Sheathed in a sharp, silver, metallic case, NEC's first Pocket PC, the MobilePro P300, looks ready to get down to business. And it has the features--including dual expansion slots--to back up that impression. But while the P300 may win the hearts of IT managers whose job it is to equip mobile workers, it's not necessarily the best choice for individual shoppers. Sheathed in a sharp, silver, metallic case, NEC's first Pocket PC, the MobilePro P300, looks ready to get down to business. And it has the features--including dual expansion slots--to back up that impression. But while the P300 may win the hearts of IT managers whose job it is to equip mobile workers, it's not necessarily the best choice for individual shoppers.
The solid, sturdy feel of the 6.7-ounce P300 is enhanced by its thick screen cover, which, like the original Sony CLIE's, has a small magnet to keep it from flopping around. The cover protects a 3.8-inch, 65,000-color LCD. While that's larger than the displays found on most current Pocket PCs, we preferred the screen on our Casio Cassiopeia E-200 which seemed to have a bit more contrast. White appeared as a slightly dingy gray on the P300
But what the P300 may lack in contrast, it makes up for in flashing lights. Atop the screen there's an LED that can be set to flash any of seven colors to indicate various states, such as low battery or USB sync. Also, the four application buttons below the screen light up blue when pressed.
Other hardware features to note are the jog dial on the left side of the unit and the four-way direction pad below the screen. Most other Pocket PCs have a five-way pad that you can press down to activate a menu item that you have selected.
The P300 gives you plenty of expansion options, including Secure Digital (SD) and CompactFlash Type II expansion slots. NEC offers a PC Card adapter for the CompactFlash slot as well. There's also a USB host port that allows you to connect a keyboard or a mouse, but you'll need to buy the $19 adapter--which unfortunately is not included in the box--from NEC in order to make use of it.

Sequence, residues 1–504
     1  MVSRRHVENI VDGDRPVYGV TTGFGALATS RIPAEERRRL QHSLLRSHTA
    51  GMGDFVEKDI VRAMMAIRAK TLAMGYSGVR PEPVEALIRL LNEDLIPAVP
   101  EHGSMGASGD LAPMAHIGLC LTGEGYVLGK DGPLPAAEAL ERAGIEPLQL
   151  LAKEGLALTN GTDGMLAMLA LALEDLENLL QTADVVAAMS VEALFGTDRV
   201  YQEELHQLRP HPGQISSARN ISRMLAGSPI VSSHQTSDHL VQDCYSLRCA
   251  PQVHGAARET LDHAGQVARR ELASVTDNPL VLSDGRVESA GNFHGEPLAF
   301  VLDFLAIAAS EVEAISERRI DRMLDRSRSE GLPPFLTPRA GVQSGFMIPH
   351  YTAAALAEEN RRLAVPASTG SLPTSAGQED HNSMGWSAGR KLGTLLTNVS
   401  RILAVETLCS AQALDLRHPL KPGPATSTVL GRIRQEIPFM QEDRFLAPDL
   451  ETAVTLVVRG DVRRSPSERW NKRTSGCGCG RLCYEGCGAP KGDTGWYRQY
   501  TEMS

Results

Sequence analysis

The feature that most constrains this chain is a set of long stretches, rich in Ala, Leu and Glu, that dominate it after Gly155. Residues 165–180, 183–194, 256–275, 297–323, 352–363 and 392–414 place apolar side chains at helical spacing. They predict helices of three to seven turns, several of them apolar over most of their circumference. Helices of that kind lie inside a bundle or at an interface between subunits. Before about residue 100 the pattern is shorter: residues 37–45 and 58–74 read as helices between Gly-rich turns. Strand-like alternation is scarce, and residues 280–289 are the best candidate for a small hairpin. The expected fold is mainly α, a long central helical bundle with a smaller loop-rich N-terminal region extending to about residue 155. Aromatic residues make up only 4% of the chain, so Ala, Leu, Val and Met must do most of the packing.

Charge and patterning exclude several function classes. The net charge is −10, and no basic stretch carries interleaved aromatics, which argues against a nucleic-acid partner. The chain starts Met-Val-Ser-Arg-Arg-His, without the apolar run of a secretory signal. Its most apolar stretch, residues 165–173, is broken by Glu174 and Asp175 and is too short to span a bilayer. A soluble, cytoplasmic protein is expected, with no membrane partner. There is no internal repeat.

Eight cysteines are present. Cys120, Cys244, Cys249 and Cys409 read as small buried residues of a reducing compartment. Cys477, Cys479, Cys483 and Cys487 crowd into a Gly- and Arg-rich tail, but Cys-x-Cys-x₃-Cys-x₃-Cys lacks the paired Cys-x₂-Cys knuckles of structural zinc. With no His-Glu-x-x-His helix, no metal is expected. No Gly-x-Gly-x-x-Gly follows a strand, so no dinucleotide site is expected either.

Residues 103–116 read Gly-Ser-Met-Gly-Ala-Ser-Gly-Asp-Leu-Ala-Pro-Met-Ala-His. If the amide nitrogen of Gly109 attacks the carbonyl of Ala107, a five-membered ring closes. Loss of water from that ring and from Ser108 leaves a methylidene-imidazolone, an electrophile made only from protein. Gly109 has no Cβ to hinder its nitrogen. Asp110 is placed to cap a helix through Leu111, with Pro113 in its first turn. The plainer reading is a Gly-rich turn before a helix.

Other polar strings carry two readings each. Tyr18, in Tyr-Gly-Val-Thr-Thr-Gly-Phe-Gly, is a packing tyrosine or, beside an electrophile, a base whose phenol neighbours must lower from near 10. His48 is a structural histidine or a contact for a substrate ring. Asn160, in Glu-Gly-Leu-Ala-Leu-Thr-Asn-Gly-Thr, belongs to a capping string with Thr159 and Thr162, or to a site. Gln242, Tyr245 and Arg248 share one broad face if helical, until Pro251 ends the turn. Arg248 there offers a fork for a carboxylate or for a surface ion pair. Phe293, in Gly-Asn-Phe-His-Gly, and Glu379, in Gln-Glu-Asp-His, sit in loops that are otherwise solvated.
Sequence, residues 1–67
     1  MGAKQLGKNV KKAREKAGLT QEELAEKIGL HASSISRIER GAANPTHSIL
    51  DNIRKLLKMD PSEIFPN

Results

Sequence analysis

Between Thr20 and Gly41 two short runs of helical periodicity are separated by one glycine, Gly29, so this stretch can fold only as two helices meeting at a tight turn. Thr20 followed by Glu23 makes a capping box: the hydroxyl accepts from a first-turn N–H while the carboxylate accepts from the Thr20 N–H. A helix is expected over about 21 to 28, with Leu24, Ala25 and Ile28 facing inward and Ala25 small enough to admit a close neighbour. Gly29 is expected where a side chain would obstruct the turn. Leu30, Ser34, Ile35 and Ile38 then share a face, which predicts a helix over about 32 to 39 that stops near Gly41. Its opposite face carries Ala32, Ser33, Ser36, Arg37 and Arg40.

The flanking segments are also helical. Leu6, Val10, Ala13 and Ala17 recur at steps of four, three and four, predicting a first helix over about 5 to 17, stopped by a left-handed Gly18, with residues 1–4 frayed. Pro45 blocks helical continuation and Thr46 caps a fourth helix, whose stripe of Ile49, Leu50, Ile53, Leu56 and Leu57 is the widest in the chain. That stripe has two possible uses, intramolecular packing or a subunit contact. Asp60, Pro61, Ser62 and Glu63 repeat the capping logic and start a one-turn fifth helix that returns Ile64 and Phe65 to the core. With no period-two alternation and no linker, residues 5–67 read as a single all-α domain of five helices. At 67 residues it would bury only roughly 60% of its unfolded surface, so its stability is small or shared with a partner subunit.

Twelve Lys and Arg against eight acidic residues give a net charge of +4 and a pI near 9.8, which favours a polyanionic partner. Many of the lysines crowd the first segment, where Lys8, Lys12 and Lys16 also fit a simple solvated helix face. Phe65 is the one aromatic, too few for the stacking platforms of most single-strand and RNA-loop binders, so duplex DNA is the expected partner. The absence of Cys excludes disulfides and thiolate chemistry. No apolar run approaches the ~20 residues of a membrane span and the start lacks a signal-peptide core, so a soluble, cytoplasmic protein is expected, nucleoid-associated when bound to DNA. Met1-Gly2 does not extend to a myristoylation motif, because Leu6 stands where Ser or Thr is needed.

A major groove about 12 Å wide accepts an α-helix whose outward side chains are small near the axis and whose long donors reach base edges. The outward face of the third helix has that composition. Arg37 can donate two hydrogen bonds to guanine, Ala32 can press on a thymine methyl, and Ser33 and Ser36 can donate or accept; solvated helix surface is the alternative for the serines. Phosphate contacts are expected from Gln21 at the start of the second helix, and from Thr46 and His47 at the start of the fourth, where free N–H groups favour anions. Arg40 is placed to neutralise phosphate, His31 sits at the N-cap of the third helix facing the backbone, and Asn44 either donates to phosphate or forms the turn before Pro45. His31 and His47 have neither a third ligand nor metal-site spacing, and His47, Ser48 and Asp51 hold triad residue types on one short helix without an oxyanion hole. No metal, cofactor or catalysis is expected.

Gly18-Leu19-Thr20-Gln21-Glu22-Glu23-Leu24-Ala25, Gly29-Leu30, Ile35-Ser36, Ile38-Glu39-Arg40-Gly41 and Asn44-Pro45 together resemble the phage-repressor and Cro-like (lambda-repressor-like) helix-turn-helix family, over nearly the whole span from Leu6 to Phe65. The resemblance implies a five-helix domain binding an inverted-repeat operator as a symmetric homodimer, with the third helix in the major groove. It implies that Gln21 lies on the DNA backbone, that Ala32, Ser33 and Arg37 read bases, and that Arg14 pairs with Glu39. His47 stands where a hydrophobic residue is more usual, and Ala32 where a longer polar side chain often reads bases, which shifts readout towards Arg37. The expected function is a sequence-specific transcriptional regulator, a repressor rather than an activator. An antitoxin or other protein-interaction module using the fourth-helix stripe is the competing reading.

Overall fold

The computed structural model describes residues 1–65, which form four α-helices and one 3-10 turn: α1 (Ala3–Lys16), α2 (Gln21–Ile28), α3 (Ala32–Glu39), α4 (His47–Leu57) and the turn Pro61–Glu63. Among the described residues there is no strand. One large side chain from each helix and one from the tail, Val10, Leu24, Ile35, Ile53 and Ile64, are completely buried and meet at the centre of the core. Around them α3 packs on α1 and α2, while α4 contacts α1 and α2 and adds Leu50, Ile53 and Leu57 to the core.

A nonreplaceable lithium-ion battery delivers more than 3.5 hours of use on a single charge with the backlight set to medium. That's pretty typical for current Pocket PCs.
Like competing products, this Pocket PC is powered by a 206MHz Intel StrongARM processor. But NEC made an unusual choice when it decide to equip the P300 with 32MB of RAM and a 32MB SD card rather than just including 64MB of RAM. For the P300's intended target audience of business users, this solution allows for backup of info onto the card to protect against data loss if the batteries die. However, 32MB is too limited of an amount to store much in the way of digital music or video files, so you'll probably want to replace that card with a larger 64MB or 128MB version.
Even with Pocket PC 2002 devices, it's sometimes necessary to manually stop applications that are running in the background in order to free up memory for other activities. Unlike all of the other Pocket PCs that we've tested, the P300's Home Menu doesn't provide a quick way to kill applications. We were also dismayed to find several errors in the poorly written manual. This is definitely not a good PDA for the technologically timid.
To help offset those flaws, NEC throws in a handful of software titles above and beyond the typical Pocket PC 2002 applications. The most useful is probably Westtek's ClearVue, which lets you work with PowerPoint files.